THE BLUEPRINT (AN OUTLINE)
#1 A Salon of One’s Own
So what do these spaces look like? If one way to define the operation space of critical practice is to image its literal and physical sites of production, what is this new office, if not a piece of real estate or a site of accrual for models and invoices for one’s 8%? How is this office imagined, evoked or constituted even in its impossibility? How does the act of seeing this unreal and ideal space of architectural work itself constitute a critical act of construction?
For us, the process of forming a practice has been a strange project in itself. Our discussions about what f-architecture would be was basically a description of a fantasy studio, which came to be depicted as the digital salon on our website. Part of this exercise was a recognition of the (initial) unreality of this space, but one that nonetheless operates against the reality of the architecture office that continues to pose problems for women in practice. We did, however, have the luxury of defining the relationships that constitute our collaborative, the mode of work, and the shared economies of production, which has helped to actualize this space. Rather than offer further accounting of the gendered deficits of contemporary office, or the problematic positioning of the office as real estate, we’ll see responses from early and mid career architects that detail the form and methods of their ideal office, visual or narrative or both, and the small and large gestures taken to realize these spaces of labor, or the potential paths unfolding toward a more utopian workplace.
#2 The Practice and/of/to Protest
If the space of practice exceeds the frame of the office, where are the sites, fields, and territories where spatial practice might be asserted as political practice? If these forms of work occur out on otherwise estranged fronts, as Alejandro Aravena has recently nominated the arenas of social practice, how do we describe architectural work that is fundamentally and purposefully distributed, or itinerant, or best sited in instances of community engagement? In this case, we’ll see dispatches on architectural actions and research taking shape in the field, in site, and as such, are less recognizable as Architecture. This work tends toward advocacy, it involves cross-disciplinary collaboration and is formed out of relationships with organizations and communities whose issues are spatial and political, but are not typically engaged by spatial practitioners.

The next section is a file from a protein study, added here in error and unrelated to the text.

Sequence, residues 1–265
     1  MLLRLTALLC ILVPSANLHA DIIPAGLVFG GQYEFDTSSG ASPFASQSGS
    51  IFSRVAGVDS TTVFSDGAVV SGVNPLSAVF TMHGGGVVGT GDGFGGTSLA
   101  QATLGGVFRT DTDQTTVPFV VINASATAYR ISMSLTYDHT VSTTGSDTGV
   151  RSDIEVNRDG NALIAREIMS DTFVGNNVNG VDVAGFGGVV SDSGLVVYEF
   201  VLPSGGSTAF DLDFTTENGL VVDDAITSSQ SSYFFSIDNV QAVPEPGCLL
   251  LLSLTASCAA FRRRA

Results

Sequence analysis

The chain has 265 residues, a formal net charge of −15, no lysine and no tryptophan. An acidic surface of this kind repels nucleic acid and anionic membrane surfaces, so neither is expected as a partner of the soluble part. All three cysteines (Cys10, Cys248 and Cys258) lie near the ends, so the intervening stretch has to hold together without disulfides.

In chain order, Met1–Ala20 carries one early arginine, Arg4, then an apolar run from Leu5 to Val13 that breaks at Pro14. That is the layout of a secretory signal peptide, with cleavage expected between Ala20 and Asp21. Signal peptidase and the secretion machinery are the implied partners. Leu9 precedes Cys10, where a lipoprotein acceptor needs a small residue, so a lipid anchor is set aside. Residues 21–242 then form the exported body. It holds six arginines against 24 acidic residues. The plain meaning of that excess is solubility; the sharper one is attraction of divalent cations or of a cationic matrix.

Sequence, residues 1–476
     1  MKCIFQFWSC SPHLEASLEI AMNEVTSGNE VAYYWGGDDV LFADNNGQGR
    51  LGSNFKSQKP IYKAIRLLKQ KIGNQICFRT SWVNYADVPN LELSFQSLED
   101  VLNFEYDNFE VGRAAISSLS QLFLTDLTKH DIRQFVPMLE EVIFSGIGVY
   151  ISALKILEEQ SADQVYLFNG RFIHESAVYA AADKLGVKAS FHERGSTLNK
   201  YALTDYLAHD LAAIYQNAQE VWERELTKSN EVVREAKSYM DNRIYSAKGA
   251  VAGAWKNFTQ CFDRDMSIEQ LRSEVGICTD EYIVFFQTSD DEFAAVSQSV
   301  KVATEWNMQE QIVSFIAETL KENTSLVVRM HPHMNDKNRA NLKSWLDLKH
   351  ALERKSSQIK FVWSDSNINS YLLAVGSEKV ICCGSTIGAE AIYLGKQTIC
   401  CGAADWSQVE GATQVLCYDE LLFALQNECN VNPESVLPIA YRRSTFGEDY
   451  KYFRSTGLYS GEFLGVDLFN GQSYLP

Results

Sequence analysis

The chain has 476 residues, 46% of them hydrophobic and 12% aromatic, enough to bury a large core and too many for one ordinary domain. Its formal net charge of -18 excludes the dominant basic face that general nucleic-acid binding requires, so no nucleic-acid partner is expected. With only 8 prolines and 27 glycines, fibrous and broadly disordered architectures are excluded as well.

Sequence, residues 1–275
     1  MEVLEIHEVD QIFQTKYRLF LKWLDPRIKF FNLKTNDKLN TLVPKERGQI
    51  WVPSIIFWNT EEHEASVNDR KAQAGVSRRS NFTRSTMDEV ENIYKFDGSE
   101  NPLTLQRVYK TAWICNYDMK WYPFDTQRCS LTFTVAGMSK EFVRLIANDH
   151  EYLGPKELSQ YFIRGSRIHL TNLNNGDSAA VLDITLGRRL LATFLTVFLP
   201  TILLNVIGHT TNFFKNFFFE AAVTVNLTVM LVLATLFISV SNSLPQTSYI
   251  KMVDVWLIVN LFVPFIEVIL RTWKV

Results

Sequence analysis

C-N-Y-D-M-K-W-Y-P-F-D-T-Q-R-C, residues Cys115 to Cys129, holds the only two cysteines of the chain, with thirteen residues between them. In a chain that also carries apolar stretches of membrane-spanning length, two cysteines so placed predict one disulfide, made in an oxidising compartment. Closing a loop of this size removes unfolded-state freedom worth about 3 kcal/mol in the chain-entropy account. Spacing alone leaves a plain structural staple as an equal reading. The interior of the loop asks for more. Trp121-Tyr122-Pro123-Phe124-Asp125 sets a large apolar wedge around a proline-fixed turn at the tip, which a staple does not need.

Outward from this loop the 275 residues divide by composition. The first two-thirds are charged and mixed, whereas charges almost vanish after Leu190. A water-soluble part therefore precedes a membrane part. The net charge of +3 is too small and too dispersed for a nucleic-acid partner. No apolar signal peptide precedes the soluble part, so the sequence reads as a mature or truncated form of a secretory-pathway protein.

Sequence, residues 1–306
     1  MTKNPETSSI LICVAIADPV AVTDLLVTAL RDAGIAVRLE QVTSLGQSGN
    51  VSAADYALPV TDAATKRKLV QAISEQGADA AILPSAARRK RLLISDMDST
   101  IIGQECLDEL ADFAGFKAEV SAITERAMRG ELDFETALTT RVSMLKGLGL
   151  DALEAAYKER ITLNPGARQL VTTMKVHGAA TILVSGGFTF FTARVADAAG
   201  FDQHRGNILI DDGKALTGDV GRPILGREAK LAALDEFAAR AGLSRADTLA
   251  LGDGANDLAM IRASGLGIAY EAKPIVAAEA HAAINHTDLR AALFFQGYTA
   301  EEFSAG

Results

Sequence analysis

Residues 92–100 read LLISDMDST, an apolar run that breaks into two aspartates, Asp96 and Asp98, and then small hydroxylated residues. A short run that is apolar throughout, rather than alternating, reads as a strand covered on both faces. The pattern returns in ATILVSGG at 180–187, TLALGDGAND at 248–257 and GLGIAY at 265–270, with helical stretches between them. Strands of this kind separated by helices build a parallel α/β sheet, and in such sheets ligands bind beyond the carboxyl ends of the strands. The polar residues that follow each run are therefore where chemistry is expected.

We’ll also see the more overtly political projects undertaken by way of architecture and spatial practice. Architectures of demonstration and the design of protest media have preoccupied us, especially post-election, post-inauguration, post-march. What are forms of political action that transpire beyond the ritual activity of voting? And what are the spaces–physical and mediatic–that accommodate or produce political discourse? How might we consider and amplify the concert of bodies assembling on the street? What infrastructures serve and delimit this kind of performative occupation, and how can we manipulate them? How do we as designers appropriate the spaces and aesthetics of power for use by those disenfranchised by that power?